One might think that there is somehow a contradiction. Half of Arambol’s guests are here for their spiritual development and take courses in yoga, meditation, massages and Ayurveda. The other half spends their time partying, beaching and lounging.
But these two extremes bypasses each other in some way. When one part gets up to go jogging on the beach or go to yoga class, for the other part the parties are just finished and they go to bed, sleep long and then get up sometime around noon, while the former group still has classes. Only for sunset at the beach, both groups meet and here they harmonize surprisingly well.
Overall, Arambol is a paradise for all those who want to develop in the fields of yoga, meditation and Ayurveda – whether in the form of a rigorous education or simply privately, taking part in a variety of classes.
So you can take part in an intense Asthanga yoga class, then listen to a lecture on Buddhist meditation, attend a fun acro yoga class in the afternoon or practice relaxing yin yoga, then end the evening with a Kirtan concert.
In Arambol you can learn to play harmonium, attend a course on Mala-knotting, become a meditation teacher, take a course in Iyengar Yoga or take a yoga teacher training in any path.
However, it is important to inform yourself in advance about the quality of the course when choosing your course. Because besides numerous very good and first-class schools and teachers, there are also a lot of charlatans who offer services that are just bad due to lack of competence. Because yoga and co has long been an excellently functioning business in India as well.
But once you have found a good school in Arambol, the place can really offer a quite pleasant environment. Of course, it can’t be compared to being in an Indian ashram. But somehow it is great as well, if one can end an intensive day of classes relaxed on the beach at sunset, enjoy fresh fruits and also escape from”being a student” in a nice restaurant.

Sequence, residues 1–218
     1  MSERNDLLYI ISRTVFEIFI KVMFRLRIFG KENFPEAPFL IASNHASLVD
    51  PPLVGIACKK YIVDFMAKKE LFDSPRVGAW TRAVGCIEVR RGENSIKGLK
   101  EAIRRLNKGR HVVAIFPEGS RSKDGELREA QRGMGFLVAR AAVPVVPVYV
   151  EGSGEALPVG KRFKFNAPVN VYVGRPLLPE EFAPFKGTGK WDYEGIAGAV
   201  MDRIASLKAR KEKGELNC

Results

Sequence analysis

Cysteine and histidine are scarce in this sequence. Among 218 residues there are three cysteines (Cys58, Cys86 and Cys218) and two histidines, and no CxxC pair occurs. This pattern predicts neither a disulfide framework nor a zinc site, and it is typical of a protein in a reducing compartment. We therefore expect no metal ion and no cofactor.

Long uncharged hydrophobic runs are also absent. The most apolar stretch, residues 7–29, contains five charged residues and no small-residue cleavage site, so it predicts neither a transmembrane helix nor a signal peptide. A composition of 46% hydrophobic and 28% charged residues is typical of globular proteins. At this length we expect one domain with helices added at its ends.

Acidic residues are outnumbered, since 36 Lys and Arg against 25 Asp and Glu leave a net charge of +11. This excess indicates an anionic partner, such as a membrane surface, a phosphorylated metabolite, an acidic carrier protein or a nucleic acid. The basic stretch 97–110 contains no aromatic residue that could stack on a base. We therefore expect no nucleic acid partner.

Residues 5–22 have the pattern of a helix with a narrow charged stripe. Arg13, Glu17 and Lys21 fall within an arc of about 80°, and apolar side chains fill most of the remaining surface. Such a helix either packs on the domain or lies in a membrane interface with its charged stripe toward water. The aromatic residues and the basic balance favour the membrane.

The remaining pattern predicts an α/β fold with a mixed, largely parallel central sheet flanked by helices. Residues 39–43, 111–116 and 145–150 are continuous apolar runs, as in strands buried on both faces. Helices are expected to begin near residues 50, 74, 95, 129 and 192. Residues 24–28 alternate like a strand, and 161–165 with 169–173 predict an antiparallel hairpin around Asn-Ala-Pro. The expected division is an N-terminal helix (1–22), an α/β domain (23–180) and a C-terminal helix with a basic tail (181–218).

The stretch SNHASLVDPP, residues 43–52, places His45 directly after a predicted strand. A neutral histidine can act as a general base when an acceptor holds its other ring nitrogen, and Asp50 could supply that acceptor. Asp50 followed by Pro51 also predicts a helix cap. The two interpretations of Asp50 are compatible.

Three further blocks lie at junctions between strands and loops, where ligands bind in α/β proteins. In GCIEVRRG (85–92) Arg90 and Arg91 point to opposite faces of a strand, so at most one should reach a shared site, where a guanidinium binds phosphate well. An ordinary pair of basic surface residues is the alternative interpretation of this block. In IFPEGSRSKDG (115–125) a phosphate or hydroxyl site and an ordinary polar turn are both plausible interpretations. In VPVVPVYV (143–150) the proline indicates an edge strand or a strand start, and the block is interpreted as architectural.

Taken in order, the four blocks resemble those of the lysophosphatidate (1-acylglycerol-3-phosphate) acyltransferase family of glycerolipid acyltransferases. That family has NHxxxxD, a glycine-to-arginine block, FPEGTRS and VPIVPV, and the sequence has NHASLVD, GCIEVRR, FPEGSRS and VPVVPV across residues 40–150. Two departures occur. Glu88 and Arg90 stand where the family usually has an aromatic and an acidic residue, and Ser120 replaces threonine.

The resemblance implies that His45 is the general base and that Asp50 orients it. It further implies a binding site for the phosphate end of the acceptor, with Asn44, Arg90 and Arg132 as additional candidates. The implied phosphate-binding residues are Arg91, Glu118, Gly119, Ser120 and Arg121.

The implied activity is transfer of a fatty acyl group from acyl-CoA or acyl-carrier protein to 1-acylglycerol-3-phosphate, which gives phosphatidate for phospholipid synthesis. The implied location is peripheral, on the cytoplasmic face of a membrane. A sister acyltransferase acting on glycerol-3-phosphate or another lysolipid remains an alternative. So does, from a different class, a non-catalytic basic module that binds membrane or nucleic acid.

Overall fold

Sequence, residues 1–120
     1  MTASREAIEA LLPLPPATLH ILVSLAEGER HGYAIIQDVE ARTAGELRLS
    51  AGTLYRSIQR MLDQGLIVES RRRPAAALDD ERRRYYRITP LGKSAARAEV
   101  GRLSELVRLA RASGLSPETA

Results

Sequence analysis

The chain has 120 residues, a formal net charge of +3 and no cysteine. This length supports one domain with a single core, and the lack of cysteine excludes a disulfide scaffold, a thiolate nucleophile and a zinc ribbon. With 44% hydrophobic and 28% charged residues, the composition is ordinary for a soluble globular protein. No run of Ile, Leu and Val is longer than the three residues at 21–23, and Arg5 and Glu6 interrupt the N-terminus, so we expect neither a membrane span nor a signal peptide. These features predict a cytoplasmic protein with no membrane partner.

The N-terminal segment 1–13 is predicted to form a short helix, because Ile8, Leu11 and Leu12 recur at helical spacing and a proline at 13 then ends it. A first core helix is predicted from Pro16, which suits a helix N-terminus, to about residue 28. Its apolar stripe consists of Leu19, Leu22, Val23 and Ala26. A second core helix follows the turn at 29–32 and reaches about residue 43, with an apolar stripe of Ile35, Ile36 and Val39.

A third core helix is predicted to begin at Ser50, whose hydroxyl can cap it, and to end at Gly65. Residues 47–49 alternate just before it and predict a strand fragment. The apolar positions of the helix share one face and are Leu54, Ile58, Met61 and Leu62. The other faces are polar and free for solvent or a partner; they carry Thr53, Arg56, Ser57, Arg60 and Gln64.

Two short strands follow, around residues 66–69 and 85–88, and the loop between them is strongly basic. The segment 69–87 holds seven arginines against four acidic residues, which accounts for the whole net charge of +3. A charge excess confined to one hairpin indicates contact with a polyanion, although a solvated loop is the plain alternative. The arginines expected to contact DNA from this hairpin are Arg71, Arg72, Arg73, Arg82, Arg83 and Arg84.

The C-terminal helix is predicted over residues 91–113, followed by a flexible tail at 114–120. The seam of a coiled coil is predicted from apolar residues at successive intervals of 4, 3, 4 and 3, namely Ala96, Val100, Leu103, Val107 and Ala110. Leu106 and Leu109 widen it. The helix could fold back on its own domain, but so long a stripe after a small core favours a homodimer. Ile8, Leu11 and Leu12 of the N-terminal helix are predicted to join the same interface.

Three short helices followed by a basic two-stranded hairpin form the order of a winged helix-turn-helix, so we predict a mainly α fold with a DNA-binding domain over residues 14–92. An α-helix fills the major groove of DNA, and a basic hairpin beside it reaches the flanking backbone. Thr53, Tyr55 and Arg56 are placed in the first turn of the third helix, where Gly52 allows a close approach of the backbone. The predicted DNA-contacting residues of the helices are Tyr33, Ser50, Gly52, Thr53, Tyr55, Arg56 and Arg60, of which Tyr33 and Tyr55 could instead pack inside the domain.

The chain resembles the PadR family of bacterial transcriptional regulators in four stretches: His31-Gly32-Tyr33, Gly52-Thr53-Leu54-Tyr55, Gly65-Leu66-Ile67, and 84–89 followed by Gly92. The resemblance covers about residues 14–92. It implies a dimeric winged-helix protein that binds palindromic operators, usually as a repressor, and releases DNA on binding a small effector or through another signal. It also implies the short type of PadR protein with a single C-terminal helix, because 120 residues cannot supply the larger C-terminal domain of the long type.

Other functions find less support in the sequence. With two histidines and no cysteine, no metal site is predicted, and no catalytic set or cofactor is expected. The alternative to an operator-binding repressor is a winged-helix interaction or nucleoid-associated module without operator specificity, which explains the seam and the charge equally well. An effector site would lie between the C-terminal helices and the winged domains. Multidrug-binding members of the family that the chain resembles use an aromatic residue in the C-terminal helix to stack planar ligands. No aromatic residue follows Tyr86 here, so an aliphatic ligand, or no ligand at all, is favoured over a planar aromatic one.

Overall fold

I myself liked my everyday life in Arambol very much over time. Every morning I went for a walk on the beach before my class or did yoga, during my lunch break I met with my harmonium teacher and in the evening I went to one of my favorite restaurants, where I was already eagerly awaited.
I wasn’t sad to leave Arambol at the end of my course, because I was looking forward to my real Indian life and also to be able to make myself a muesli again without paying several hundred rupees in a restaurant. But these three weeks definitely had a recovery effect, allowed me to meet many new and old acquaintances and even the course, the harmonium and the yoga classes still have an effect.
For all those who also come to Arambol for a yoga teacher training or similar, heree the following recommendations:
- Look for a room with a kitchen for which you pay a weekly or monthly rate. Maybe you will also find roommates with whom you can share an entire house or your course includes accommodation and food. Because believe me, going out for dinner is fun from time to time, but in the long run it is exhausting, boring and really expensive.
- Rent a moped during your stay. So you can also drive out of “Wonderworld” Arambol to the real India, to clean beaches, sometimes enjoy cheap and real Indian food and freedom and independence.
- Within Touri-Arambol there is no ATM, but 1 km outside at the “Arambol Bus Stand”. The walk there is worthwhile if you don’t want to pay extra fees with the money changer.
- My favorite restaurants are Shimon Falafel (for humus, shakes, bourekas and, of course, falafel). Taste of India (for the best Samosa, homemade pasta and cheap Thalis), The Bees Knees for the best and largest Veg Platter (really great good portions).
- A really nice activity is to walk along the paths to the northern Querim beach. If you want to make a beach day, it is best to go to the Mandrem beach further south.
- With the moped you can take a day trip to the capital Panjim or to the spice plantations behind Old Goa.
Have fun in Goa